Recently we caught up with concert and music photographer, Nick Pickles. In this interview he tells us about his inspirations, his photographer-by-night-politician-by-day occupation and gives our amateur photographers some useful tips.
HUNOW: What was it that first interested you in photography, especially music photography?
Pickles: I randomly ended up working on the photo counter of boots in Wakefield (a promotion from shelf stacking) and it caught my imagination. I’d not really done anything about it though until I met a guy at university who was a terrific all-round photographer, but his music stuff was really magic. As a huge music fan and gig nut, I liked the idea of being able to capture the emotion of a gig in a photo and that’s always been my driving motivation.
HUNOW: The first time you were allowed to go on stage as a photographer for a band was surely a significant moment. Can you remember it?
Pickles: It was to shoot a feature for the independent with Lost Prophets – essentially a shot of the singer taking a photo with a camera and then try re-create the photo he took. Since then I’ve become much calmer on stage and can deal with the adrenaline, but there are still moments I forget I’m there to work!
HUNOW: How does it feel when you’re up on stage with the artists and, to an extent, sharing their moment?
Pickles: It’s incredible, but it’s still work – nobody paid to see me! I had a moment when I was shooting Coldplay when I took my earplugs out and tried to soak it up – it’s not something many people have and I’m genuinely grateful to have the opportunity to experience. I just hope my photos convey somewhere near the atmosphere I can feel on the stage.
HUNOW: Who were your favourite artists to photograph?
Pickles: I’m a huge Radiohead fan so they’ve always been good, especially as Thom does pull some slightly random shapes these days! Oasis were always good as capturing the intensity of Liam on stage was a real challenge, and you’ve got bands like Coldplay and U2 who are just great to shoot. I’ve worked lots with Madness and they’re great, and people like the Prodigy where there’s always something going on and usually an epic production.
HUNOW: Can you roughly guess how many artists you have photographed now? Do you have a particular venue you prefer for your images?
Pickles: I’m working for Wembley Arena and the o2 Academy Brixton these days (two terrific venues) but I do miss places like the Brudenell Social Club and the Cluny – so much character in those venues and so intimate. As to how many bands, God knows – well over 500.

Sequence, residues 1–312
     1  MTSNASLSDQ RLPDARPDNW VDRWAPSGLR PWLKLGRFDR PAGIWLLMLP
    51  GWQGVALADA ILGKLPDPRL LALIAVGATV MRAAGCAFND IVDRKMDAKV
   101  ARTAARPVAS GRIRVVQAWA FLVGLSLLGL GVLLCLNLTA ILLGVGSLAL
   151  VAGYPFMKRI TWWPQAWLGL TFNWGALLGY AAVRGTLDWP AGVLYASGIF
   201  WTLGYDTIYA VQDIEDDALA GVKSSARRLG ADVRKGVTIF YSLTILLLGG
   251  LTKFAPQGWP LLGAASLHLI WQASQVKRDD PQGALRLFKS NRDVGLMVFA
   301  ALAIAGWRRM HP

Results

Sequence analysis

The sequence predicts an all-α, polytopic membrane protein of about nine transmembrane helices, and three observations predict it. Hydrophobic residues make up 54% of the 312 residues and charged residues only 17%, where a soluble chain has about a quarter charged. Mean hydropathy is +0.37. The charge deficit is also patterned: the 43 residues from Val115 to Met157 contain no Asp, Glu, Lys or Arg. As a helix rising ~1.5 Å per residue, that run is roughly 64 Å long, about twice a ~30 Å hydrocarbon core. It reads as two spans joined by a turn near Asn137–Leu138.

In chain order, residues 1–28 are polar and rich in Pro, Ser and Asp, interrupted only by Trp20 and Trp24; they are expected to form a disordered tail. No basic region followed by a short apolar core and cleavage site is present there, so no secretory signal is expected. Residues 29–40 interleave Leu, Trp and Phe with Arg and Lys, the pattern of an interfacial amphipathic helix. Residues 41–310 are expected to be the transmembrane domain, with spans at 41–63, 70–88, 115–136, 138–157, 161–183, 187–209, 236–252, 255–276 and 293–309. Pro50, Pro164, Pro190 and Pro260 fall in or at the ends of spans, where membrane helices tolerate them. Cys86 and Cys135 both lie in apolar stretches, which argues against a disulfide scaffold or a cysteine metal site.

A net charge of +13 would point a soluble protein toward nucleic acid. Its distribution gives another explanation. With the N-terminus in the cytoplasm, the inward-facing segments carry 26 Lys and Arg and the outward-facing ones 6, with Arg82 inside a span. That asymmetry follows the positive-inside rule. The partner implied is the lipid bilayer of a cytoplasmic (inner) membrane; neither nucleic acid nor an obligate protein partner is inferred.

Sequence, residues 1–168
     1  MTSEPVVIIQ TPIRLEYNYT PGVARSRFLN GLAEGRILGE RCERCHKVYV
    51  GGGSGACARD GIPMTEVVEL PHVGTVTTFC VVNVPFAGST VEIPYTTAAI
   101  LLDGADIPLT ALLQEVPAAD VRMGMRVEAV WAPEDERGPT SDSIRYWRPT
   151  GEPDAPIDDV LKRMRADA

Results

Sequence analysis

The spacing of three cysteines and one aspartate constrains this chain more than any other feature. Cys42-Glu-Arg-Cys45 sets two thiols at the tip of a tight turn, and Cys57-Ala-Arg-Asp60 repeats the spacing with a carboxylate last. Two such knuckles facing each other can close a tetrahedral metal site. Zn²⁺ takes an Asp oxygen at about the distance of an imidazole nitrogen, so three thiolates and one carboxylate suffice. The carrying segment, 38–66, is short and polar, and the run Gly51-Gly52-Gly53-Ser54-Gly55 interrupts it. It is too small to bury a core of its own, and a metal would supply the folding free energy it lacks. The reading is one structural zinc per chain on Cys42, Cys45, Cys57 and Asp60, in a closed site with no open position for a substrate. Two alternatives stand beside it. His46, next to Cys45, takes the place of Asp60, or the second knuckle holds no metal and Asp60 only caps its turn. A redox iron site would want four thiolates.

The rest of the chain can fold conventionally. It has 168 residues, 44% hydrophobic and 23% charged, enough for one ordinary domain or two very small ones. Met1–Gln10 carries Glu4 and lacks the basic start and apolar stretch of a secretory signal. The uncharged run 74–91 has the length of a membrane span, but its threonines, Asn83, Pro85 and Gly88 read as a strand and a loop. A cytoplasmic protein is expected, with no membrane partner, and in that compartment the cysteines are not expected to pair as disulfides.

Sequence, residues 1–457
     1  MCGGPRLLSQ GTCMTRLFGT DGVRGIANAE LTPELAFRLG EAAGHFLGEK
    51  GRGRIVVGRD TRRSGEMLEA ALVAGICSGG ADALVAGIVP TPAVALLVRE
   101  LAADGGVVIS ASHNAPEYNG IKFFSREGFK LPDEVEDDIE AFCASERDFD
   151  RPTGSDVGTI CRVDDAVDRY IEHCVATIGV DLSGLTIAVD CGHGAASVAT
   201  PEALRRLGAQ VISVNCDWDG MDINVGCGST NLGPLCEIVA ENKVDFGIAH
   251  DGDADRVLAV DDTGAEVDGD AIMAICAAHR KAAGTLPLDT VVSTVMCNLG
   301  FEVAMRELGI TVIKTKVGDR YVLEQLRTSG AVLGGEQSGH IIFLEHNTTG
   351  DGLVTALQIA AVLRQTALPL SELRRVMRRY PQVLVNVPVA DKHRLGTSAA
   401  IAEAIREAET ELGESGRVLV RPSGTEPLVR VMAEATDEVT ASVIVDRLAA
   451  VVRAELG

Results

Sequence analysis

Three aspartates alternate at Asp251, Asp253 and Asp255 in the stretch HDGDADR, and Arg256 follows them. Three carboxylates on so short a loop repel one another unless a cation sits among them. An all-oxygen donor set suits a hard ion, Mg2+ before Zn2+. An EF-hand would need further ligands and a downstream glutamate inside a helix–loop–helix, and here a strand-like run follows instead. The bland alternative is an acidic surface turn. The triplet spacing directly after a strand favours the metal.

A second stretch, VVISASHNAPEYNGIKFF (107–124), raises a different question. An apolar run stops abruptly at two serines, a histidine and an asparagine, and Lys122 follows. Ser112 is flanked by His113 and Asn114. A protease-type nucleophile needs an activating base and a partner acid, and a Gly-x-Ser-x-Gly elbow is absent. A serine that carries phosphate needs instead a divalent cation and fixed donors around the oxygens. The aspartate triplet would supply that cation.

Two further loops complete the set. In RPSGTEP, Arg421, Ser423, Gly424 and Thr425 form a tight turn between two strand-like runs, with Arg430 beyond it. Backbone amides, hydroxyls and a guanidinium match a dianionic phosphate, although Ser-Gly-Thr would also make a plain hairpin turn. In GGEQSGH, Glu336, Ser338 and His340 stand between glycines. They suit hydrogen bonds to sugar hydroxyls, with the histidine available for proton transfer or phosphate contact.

HUNOW: Have you ever been interested in branching into other areas of photography?
Pickles: I’ve been tempted by all sorts – portraiture, studio work, news – but I’ve never seemed to find the time. Plus I’d probably get found out pretty quickly so I’ll stick to live music!
HUNOW: Were there any photographers who inspired your own work?
Pickles: Anton Corbjin, Leon Neal, Barney Britton and Roger Sargent – all for very different reasons! I’m very fortunate to count the latter three as good friends now and they continue to inspire me and remind me how much more I still have to learn!
HUNOW: Have you ever considered giving up politics to focus on your photographic career?
Pickles: I did, briefly, back in 2010 when I got made redundant and decided to move to London. I ran out of money in six months so ran back to an office job… who knows what might have happened if I’d stuck at it, but I’m really happy now so I guess it all worked out alright in the end. It’s still very much an option though, we’ll see what happens.
HUNOW: On a more serious note, being the Director of Big Brother Watch (civil liberties and privacy campaign group) an ex-law student and a photographer, do you ever feel conflicted over the professional obligations of being a photographer, against your own morals?
Pickles: Sometimes, but usually because I’m being asked to do something that in any other line of work you’d rightly say get stuffed – whether it’s working for free, signing away your rights or accepting 30-seconds of one song access.
The main thing for me is do right by the people you work with, don’t take the piss and value your work. I find the whole celebrity culture thing pretty nuts so paparazzi work has never appealed, but I take the same view as I do at work when it comes to privacy; we all make choices and everything is a trade-off. Some people sacrifice their privacy and play the game, others don’t. If you don’t respect that choice, it’s a pretty dark life to lead.
HUNOW: Finally, do you have any tips for our future music photographers out there?
Pickles: Work bloody hard, and when you think you’re done keep going. Measure yourself against the people who are where you want to be and try to keep some perspective on your success. You can’t buy much food with a £3 commission, even if it is a national newspaper’s website.
Oh, and nail your tights before you shoot shite.
Take a look at Nick Pickles’ blog site here:
Or check out his music photography website to see more examples of his work: